The last part of the store is the wine section.  This is probably the largest section and is bright and airy with wines organized in wooden cases by location or varietal.  There is a good mixture of options with popular and bulk wines being found in the front.  Guess Who?  Offers a variety of classes for customers, private wine lockers and wine tasting opportunities.  Oh, and a section for local wines of which I took advantage (and will be discussed later).  The one downside?  Finding this obnoxious Duck Dynasty wine. The wines are being produced in California and have no other connection with the family other than the labeling.  The press release from Trinchero Family Wines says that the family “Share(s) the same values,” with the Robertsons. Not all of them I hope.  But as my mother has always said, “If it looks like a duck, talks like a duck and acts like a duck…. Well, it’s a duck.”

Over all, I was impressed with impressed with Guess Who and expect that I will be shopping there  occasionally while visiting the folks.  If you are in the Bentonville area and need some wine, I suggest you visit them too.



Guess Who?
214 SE Walton Blvd.
Bentonville AR, 72712

Gretchen Neuman
VinoVerve Editor

How To Drink Local Wine

My favorite way to discover local wine is through travel. As I drive to conferences or visiting relative, I like to stop by the local winery and taste what they are producing.  I love talking to the wine makers and learning about their story.  Their passion for wine is always infectious.  Currently, I have a problem. Getting away has increasingly become difficult due to family responsibilities (i.e., reining in teens)

My solution? Well the first option is to comb my local wine shops (which may in fact be local grocery stores). Grocery stores? Well, being a foodie type, it makes for easier menu planning.  I have found myself doing this on the road as well.  In part, because I eat better on the road when I am picking fruit and veg instead of eating fast food, but also because in many states, grocery stores have wine (Yes, I know you don’t New York State – get over yourselves on that matter).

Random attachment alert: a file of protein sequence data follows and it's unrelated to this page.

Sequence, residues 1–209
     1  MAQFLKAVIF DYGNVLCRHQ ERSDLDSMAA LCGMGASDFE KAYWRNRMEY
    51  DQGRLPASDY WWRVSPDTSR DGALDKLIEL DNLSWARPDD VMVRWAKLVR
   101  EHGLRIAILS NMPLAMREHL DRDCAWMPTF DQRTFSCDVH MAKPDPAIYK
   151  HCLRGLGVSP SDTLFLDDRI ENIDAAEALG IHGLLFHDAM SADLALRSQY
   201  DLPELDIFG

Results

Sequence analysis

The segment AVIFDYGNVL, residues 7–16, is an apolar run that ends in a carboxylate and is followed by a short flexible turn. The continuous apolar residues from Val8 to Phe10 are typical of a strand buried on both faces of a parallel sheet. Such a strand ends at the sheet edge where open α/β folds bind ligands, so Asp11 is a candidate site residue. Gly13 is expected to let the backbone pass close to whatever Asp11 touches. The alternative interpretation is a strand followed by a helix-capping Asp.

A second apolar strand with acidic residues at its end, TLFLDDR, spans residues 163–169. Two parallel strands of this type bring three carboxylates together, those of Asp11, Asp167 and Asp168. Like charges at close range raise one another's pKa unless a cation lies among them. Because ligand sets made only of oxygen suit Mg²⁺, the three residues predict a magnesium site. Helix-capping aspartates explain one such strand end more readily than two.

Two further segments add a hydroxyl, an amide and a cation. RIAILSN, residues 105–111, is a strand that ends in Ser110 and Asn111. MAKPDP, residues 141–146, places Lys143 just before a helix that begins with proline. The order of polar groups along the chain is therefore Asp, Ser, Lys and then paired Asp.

I have picked up great wines in Virginia, Indiana Illinois and Nebraska at grocers or their closely associated liquor stores.

Some standouts? Bloom, a small chain that I found while visiting my 104 year old grandmother and other relatives in Virginia Beach. They have a nice wine section that has got one of the nicest selections of local wines that I have ever seen.

My nationwide? Whole Foods is a great choice. With its dedication to fresh and local ingredients, it makes sense that they would feature local wine. Given their national reach? Local wines extend to regional options extending my non-travelling reach. Lately, I have found Firelands Gewurztraminer from Isle St. George, near Sandusky, OH and from Illinois, Prairie State Winery, Lynfred and Glunz Family all in my local WF.

Surprisingly, in Chicago, I have found that smaller, ethnic groceries are full of local options as well. Maybe this is because they are being supplied by alternative distributors. I am not going to argue the point so long as I can find new and original options. In my neighborhood, I am recommending Foremost liquors which vary from neighborhood to neighborhood as to their options.

I have also found increasing local options at my neighborhood Jewel where the wines of Indiana’s Oliver Winery  and Michigan’s Tabor Hill have found themselves on the shelves.